I have the sentence fragment:

each in itself for achieving this pure abstraction of being-for-itself

and I'd like to incorporate it into my paper so that the quotation reads as follows:

They eventually "achieve the pure abstraction of being for itself"

I know that brackets go around any modified text, but I'm unclear if they "jump across" word boundaries. Do I render this as:

They eventually "achiev[e the] pure abstraction of..."


They eventually "achiev[e] [the] pure abstraction of..."

I also tend to use "verb[]" to indicate that a suffix has been dropped from a word. Would the usage be the same in that case? Say, for example, I want to make "She was reading the book" into "She read a book." Would this be:

"She read[] [a] book"


"She read[ a] book"

In both cases, the version with two sets of brackets looks awkward to me, but the version with a single set looks like it might be a typographical error.

I looked at existing questions about brackets but I couldn't find any relating to brackets that cross word boundaries, I apologize if this is a dupe.

1 Answer 1


You use a single set or brackets to make a single amendment covering all the cases, unless they are spanning more than one line.

The brackets contain the text that you have added. If you have modified a form in a way that cannot be expressed through a bracketed addition, then brackets contain the entire word:

Original: "achieving pure abstraction …"

Amended: They eventually "[achieve the] pure abstraction of…"

Original: "She was reading the book."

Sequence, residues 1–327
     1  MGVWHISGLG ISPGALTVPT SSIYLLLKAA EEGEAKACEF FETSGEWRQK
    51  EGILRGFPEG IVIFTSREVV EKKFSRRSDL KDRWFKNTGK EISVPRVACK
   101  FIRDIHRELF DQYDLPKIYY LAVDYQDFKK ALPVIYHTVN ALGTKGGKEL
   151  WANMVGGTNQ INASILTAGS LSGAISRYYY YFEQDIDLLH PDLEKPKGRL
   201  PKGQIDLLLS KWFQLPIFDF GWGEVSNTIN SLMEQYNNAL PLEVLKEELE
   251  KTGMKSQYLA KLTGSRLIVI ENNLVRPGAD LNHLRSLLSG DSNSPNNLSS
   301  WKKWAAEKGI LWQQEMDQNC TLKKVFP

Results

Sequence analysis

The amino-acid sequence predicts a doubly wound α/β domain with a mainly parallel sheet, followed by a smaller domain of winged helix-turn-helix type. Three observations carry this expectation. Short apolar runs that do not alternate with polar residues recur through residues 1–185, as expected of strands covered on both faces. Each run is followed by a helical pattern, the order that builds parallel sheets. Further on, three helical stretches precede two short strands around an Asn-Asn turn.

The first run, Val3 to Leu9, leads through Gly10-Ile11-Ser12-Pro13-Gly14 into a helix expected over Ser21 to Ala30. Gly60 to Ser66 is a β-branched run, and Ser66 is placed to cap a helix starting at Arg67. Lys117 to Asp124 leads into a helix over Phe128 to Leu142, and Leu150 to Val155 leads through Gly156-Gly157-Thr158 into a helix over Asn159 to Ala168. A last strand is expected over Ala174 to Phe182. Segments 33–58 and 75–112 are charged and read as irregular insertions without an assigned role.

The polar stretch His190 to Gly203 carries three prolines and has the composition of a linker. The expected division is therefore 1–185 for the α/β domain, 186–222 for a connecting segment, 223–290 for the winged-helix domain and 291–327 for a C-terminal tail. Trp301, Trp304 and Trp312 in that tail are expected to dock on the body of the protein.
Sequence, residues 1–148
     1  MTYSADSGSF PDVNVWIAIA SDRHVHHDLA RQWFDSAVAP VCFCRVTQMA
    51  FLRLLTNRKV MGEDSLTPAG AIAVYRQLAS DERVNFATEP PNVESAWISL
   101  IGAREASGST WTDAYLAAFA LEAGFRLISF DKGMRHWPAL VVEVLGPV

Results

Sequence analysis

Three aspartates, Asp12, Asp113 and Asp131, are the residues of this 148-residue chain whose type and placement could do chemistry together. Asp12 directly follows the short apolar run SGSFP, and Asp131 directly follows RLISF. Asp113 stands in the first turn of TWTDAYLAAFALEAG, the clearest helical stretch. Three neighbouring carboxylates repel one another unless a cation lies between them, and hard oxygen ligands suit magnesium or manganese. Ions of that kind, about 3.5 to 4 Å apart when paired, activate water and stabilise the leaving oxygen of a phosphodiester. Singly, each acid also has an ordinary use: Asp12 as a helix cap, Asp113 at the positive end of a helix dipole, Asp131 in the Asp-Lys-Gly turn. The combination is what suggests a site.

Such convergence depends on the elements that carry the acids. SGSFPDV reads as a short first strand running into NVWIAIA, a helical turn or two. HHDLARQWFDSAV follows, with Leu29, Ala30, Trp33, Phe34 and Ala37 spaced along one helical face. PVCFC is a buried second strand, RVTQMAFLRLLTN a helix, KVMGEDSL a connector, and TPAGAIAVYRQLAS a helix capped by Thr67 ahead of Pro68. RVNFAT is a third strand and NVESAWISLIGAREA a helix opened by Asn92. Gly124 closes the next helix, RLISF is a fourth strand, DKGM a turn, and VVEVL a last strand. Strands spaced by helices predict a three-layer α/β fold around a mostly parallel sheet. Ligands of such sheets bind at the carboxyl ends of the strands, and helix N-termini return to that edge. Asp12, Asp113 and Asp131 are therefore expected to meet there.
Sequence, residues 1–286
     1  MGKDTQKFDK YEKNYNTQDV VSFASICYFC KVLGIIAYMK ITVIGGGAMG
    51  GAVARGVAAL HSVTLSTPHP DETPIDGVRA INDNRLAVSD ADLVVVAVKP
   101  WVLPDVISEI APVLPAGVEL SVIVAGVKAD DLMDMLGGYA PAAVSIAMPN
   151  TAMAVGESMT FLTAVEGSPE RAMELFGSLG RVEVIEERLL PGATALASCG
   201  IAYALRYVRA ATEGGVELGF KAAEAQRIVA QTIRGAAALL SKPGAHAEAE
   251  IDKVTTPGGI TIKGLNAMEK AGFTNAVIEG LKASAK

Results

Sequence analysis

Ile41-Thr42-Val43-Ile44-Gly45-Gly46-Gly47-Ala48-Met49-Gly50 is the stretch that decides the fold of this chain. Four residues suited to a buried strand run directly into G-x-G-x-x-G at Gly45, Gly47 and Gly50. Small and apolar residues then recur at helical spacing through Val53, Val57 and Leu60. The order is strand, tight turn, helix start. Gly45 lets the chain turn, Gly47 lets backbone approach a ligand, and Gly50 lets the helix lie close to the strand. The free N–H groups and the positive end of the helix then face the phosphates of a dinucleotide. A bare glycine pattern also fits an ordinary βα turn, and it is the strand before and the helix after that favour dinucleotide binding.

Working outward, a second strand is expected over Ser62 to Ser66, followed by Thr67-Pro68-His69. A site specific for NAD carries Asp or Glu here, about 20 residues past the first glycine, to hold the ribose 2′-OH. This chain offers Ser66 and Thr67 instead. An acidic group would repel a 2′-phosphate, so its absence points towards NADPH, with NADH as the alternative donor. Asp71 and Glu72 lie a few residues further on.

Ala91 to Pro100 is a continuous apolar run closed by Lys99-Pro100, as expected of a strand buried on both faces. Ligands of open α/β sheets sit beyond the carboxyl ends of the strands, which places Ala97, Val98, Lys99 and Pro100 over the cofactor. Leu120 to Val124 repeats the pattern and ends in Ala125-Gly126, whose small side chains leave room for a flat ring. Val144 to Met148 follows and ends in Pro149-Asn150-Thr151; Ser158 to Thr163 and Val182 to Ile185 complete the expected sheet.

Amended: "She [read a] book".

Remember, you are trying to balance two goals only:

  1. Making a clear distinction between the original quote, and any amendments made.
  2. Interrupting reading flow as little as possible.

You do not want to give a full record of your changes. If that is necessary, then you should make the original unedited material available.

All that said, it is ideal to do as little violence to the original as possible. I know the above are meant to be examples only, and as such may not be very realistic, but they seem like cases where you would be well-advised either to reword so as to not need to change the quote, or to paraphrase the source rather than directly quoting (including the direct quote elsewhere, if necessary).

  • Yes; I sometimes use the terms 'tidied' for very minor corrections, and 'paraphrased' when I've felt that some changes were desirable, if only for a different readership or to preserve grammaticality (as in OP's case) say. Commented Jun 10, 2014 at 17:01

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